When Twitter becomes a blogging platform

I have been noticing more and more serialized tweets. In other words, someone tweets several times in a row because what they have to say will not fit into 140 characters. They number them and fire them off one after the other. That way you, the reader, can reassemble them in your head. Of course the arrive in reverese order (the newest ones are the last one.) Also you need some way to note that your series is over, which might beget a new twitter shorthand <EOM>

Why, if I can attach a 5 minute video or a photograph or a 3 minute mp3 to a tweet, can’t I attach a 2 paragraph messge? Why not allow me to have as much text, and why not fonts and styles? It’s just a matter of time.

The 140 Character Limit was the gimmick that differentiated Twitter from all other messaging platforms at the time. But we in a new era now. Twitter has established itself. Your twitter handle has become almost as self-identifying as your actual name (or maybe more so, because it is guaranteed unique, world-wide.)

It’s a totally natural set up for the ultimate, universal, blogging platform. I see that happening.

Someone said, Twitter is trying to become more and more like Facebook, and Facebook more and more like twitter. And both are the worse for it. Maybe when Twitter starts accepting long messages people will say that Twitter jumped the shark. I doubt it. I think it’s inevitable.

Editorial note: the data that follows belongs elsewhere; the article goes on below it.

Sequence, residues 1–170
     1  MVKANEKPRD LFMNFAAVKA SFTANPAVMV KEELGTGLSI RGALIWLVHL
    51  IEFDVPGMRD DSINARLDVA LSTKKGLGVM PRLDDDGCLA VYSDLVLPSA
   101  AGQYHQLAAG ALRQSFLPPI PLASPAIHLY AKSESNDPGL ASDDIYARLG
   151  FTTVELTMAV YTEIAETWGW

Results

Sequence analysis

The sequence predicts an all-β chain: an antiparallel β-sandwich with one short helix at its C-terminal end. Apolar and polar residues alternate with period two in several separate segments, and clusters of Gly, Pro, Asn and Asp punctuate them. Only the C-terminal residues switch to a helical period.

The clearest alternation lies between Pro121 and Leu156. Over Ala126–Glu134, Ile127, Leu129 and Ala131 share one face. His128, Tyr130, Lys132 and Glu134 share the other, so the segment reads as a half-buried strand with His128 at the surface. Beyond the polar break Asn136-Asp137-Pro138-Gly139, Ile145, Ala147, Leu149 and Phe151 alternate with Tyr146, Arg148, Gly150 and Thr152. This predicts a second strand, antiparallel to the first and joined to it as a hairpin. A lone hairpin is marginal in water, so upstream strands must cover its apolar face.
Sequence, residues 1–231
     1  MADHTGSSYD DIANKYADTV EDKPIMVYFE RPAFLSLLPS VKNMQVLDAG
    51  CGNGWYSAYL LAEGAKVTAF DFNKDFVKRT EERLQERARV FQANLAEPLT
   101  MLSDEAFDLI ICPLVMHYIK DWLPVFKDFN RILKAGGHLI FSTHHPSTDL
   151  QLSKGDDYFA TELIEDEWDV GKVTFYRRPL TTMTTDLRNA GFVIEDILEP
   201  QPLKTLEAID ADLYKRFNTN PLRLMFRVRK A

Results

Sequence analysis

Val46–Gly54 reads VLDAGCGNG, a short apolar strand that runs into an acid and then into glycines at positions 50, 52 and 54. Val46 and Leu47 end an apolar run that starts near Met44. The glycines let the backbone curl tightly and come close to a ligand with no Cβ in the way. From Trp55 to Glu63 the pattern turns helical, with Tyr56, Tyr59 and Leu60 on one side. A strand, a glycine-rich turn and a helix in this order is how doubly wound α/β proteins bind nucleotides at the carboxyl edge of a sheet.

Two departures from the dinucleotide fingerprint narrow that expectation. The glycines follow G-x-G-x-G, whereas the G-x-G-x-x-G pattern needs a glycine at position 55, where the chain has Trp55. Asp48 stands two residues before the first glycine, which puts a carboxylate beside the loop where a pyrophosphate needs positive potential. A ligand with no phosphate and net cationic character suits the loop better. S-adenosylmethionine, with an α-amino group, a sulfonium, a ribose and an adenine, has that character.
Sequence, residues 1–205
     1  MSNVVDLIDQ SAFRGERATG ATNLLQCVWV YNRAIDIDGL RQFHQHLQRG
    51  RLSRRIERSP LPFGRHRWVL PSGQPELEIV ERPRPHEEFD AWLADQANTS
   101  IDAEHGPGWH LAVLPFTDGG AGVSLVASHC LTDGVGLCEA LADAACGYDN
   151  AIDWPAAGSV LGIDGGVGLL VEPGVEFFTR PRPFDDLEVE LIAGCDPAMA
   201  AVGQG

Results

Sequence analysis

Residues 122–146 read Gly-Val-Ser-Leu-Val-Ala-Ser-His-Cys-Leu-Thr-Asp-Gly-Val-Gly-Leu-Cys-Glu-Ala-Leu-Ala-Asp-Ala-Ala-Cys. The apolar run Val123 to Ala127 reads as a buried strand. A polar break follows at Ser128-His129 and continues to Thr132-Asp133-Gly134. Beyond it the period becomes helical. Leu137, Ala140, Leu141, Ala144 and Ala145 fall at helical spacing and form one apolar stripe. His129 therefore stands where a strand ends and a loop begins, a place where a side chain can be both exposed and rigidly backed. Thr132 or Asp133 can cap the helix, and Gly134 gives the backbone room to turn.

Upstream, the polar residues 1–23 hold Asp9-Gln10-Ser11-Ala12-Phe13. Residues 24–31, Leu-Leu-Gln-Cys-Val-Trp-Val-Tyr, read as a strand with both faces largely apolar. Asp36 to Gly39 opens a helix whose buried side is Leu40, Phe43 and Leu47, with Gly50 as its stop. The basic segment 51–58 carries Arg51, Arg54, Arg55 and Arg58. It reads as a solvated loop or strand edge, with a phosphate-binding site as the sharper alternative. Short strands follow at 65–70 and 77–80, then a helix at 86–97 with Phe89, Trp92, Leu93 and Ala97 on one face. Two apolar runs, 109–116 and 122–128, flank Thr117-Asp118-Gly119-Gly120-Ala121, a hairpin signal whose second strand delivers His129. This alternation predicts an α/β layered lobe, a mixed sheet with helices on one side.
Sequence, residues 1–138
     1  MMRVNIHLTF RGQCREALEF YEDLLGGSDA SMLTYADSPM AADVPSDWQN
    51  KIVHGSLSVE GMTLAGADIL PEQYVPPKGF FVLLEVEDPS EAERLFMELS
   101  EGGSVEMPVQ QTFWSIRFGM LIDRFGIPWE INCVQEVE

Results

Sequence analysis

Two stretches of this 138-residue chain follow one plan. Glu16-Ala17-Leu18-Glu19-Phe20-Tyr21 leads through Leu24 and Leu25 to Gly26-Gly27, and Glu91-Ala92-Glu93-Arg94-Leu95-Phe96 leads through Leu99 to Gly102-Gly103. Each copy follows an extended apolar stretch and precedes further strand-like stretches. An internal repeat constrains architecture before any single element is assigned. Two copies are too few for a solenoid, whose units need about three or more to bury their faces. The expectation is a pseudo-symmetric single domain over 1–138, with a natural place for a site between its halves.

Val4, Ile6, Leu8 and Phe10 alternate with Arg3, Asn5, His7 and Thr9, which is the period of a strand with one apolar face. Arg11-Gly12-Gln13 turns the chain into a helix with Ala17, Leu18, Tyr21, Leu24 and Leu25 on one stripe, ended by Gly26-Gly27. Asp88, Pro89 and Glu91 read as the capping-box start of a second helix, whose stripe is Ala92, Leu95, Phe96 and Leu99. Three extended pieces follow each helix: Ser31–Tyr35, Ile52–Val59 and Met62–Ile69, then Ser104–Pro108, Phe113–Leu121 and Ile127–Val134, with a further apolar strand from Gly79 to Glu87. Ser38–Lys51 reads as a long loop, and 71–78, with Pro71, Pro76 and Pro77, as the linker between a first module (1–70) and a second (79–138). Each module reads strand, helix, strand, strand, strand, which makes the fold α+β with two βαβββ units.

Digital Humanities: A fancy word for blogging?

Here’s an interesting article in “The Opinionator” of the New York Times about blogging, scholarly writing and the tension between the two. He says:

“… The digital humanities, it is claimed, can help alter that “monstrous terrain” in at least two ways. The first is to open up the conversation to the public whose support the traditional humanities has lost. If anyone and everyone can join in, if the invitation of open access is widely accepted, appreciation of what humanists do will grow beyond the confines of the university. Familiarity will breed not contempt, but fellowship. “Only in this way,” Fitzpatrick declares, “can we ensure the continued support for the university not simply as a credentialing center, but rather as a center of thought.” (from The Digital Humanities and the Transcending of Mortality)

Interesting article, although itself a bit of a scholarly blog. After all he uses the word “teleological” in a sentence, which I admit having to look up 🙂

“There are two things I want to say about this vision: first, that it is theological, a description its adherents would most likely resist, and, second, that it is political, a description its adherents would most likely embrace.” (from The Digital Humanities and the Transcending of Mortality)

Welcome to my new blog

So after some trouble porting the content I am now running my blog on Squarespace. My main motivation is to get out of the server management business and also clean up my messier and messier self-hosted WordPress.

Jury is still out whether this will be a keeper but for the moment I am happy and really like the fresher look of the blog compared to the previous incarnation. I will certainly keep you posted!